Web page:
Okay, so quick reading time question. How do you get through a book with five kids' questions rapid firing at you. I only have two, but they are constantly asking questions they already know the answers to. I have never wanted to dissuade them from asking questions (of a legitimate nature) because I think curiosity drives learning, but when they're asking questions we answer in the same way each time we read the book then it gets me to thinking they are interrupting for interrupting's sake...or for attention. I want them to be curious and I want them to ask questions, but how am I to get through a story when I can't even read a sentence without someone asking literally dozens of questions. Our daughter struggles at times with talking just to talk and I think these "interruptions" during story time are mostly that. I try to praise her when she asks a legitimate question which I can tell she absolutely does not know the answer to. Other times I try to ask them, "Why do you think that is? Or what's your guess as to what that means?" if it's something I think they can get on their own, but the questions that really have started to wear me out for story time are the repetitive easy ones that they totally know but are just wanting to get some attention or something? Is this making sense? I'm not sure.

    I guess my question is, do you ever put parameters on questions? And if so, how do you enforce it? I don't want to squelch questions, but merely help them to realize interrupting just to interrupt makes story time not fun for anyone.

    1. Yes, definitely parameters. Questions are good. But, learning WHEN to ask questions is also a needed life skill. I typically don't allow questions during read aloud time. Since I know my kids, I know what topics/words/scenes might need more explanation. So, I preemptively explain a few things as I am reading. This helps to alleviate the need for questions.

  2. Great recommendations for my son. He loves reading about WWI and WWII. Off subject, I love your chairs! Where did you get them?

    1. Thanks, we got them at HOM Furniture. The fabric was custom ordered as we wanted the chairs to match/compliment our couch.

  3. Oooh - Mice of the Herring Bone looks good! I will need to track that one down at the library!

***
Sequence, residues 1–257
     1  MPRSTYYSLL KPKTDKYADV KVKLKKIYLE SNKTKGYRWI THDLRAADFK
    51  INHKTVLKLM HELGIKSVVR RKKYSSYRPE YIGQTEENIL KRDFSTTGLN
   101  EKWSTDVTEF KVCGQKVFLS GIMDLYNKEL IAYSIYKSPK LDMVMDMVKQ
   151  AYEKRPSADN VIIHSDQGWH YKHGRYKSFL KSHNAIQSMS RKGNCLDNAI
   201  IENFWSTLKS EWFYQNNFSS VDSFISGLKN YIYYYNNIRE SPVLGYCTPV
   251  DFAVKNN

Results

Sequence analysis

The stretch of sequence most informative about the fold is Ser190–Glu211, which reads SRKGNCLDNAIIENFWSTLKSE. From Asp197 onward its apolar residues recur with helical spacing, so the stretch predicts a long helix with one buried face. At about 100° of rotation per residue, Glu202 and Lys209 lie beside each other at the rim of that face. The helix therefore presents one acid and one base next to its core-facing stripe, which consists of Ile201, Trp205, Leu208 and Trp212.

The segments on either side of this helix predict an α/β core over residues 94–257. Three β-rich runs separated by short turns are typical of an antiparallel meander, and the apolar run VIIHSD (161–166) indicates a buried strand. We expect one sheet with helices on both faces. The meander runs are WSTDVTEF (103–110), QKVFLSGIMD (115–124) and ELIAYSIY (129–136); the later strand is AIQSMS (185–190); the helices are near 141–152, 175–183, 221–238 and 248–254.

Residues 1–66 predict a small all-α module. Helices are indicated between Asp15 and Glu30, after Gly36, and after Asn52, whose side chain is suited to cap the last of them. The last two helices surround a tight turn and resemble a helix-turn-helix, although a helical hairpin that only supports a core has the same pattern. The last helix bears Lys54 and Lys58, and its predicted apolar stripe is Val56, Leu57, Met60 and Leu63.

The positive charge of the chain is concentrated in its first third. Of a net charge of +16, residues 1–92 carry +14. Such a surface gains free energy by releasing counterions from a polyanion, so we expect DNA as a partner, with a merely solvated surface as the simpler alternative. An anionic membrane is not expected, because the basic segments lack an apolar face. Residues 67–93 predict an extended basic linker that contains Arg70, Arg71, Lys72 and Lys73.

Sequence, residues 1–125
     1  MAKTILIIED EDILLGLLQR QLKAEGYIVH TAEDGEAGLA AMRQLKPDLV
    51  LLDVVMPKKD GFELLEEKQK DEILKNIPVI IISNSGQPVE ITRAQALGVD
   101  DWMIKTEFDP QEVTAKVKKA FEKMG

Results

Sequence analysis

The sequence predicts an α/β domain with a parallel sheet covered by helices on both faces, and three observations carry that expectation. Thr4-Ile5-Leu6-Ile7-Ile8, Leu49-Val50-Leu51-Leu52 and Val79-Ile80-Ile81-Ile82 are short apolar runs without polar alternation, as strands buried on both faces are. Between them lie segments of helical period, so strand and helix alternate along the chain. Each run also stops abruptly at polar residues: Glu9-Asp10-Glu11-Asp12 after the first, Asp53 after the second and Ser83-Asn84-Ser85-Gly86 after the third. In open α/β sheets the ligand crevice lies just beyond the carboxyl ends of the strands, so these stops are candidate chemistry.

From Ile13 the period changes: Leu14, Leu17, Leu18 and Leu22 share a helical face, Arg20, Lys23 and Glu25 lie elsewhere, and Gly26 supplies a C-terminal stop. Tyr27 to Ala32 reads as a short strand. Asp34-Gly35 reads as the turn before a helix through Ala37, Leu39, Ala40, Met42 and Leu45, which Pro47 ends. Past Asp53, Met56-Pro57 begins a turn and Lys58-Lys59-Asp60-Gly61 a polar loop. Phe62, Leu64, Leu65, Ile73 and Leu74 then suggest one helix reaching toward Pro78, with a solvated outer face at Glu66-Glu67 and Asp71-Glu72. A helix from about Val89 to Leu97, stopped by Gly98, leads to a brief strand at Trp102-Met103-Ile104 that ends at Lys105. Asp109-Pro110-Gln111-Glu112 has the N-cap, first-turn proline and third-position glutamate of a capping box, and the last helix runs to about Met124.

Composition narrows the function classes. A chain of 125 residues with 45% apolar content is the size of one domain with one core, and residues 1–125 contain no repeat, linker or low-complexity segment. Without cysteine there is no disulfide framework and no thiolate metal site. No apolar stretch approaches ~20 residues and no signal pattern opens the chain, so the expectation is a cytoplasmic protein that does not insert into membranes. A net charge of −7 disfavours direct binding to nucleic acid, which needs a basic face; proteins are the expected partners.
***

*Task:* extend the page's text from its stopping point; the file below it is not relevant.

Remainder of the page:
4. Hi Jamie!
    Thanks for your share! I have read several of your posts «What were reading this month» I have also read your post on how do you proceed with your read aloud times. Some questions are burning my lips since a couple of months and I can't quit find the answers on your blog. So I take a chance to ask them to you.
    - How do you plan/schedule your read aloud time?
    - When, I much time, do you make a narration part (oral, acting, drawing, writting, etc)
    - Do you choose only books (your books, kid's book and read loud books) with a certain total numbers of page planning that you have to ideally finish it in a month for most of the books?
    - How do you plan YOUR personal reading time AND the one of your kiddos? Because it is another period than the reading aloud so... more reading! (when, how much time per day etc)

    It is a bit of chaos in my reading planning. I choose all kind of good books of all interesting subjects for my girls and it's okay, because after all... we read a lot of good books! But I kinda trying to find my path it all that reading stuff.

    I would like to have some boundaries to help me find what to plan, I much time per day for ME AND the reading aloud times.
    My oldest daughter has 6 ys old and just start reading small phonic books with my help but soon I would have to plan time for her too...

    And, does reading fiction, history and science (living books) makes part of your reading aloud or it is included in your history and science periods?
    Thanks a lot for your help Jamie